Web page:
Critical Info: How to Properly Fit a Bicycle Helmet for a Child.

It’s important to know how to fit a bike helmet for a child.
If your child’s helmet is not comfortable, they are less likely to wear it.
A properly adjusted helmet will fit your child’s head well and be much more comfortable.

How Do I Know If My Child’s Bike Helmet Is Fitted Correctly?

Buy the right size helmet and follow the steps listed in our article to adjust their helmet so it is safe and comfortable for them to wear.

The most important thing to think about comes before fitting bike helmets for children. You must make sure to buy the correct size helmet. Children’s head sizes vary.

You can find information about buying a bike helmet for a 10-year-old or a bike helmet for a 5-year-old, or for whatever age your child is. We do not recommend following this information, especially if this is the first time you are buying a bike helmet for a child.

Buying a helmet based only on the age of the child is not sufficient as not all children have the same sized heads at the same age.

The most effective and safest way to decide on the right size helmet for your child is to measure their head. This will give you the approximate size to look for.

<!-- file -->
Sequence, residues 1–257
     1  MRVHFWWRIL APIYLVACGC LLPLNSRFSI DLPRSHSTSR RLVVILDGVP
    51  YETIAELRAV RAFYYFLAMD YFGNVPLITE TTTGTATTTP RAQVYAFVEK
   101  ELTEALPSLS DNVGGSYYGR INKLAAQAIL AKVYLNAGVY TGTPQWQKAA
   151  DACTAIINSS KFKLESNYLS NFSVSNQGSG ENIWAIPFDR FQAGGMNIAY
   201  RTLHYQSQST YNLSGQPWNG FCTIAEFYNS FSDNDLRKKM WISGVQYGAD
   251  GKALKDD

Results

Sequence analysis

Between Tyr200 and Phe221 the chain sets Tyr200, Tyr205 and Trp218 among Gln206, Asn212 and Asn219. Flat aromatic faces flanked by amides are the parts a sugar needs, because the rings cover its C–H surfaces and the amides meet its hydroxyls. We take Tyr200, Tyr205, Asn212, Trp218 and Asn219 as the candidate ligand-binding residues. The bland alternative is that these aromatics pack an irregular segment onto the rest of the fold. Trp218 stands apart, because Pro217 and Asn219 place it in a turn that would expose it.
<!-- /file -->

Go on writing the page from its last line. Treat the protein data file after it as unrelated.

To do this take a fabric measuring tape and wrap it around the head about 2 cm (1 inch) above the eyebrows. Measure from here, making sure the tape is level all the way around.

If you don’t have a measuring tape use some string instead. Mark or cut the string and then straighten it out next to a tape measure or ruler to get the circumference.

After measuring your child’s head circumference, you’ll have a good starting point for helmet sizes. You can then compare this measurement to the helmet manufacturer’s sizing table and pick an appropriate helmet for your child.

A Well Fitted Helmet

Helmets are designed to last for a while so they have variable sizing. To make sure the helmet fits your child, it will come either with multiple helmet pads or a fit ring (or both).

With skate-style helmets, you generally have to rely on padding. Other cycling helmets will have a “universal fit ring” at the back of the helmet that tightens or loosens the helmet.

The helmet is appropriately snug when your child can shake and roll their head without the helmet moving around. The front of the child’s bike helmet should be aligned just above their eyebrows.

If it is tilted backward and you are seeing large expanses of their forehead, it needs to be adjusted. You want the helmet to be comfortably touching their head all the way around.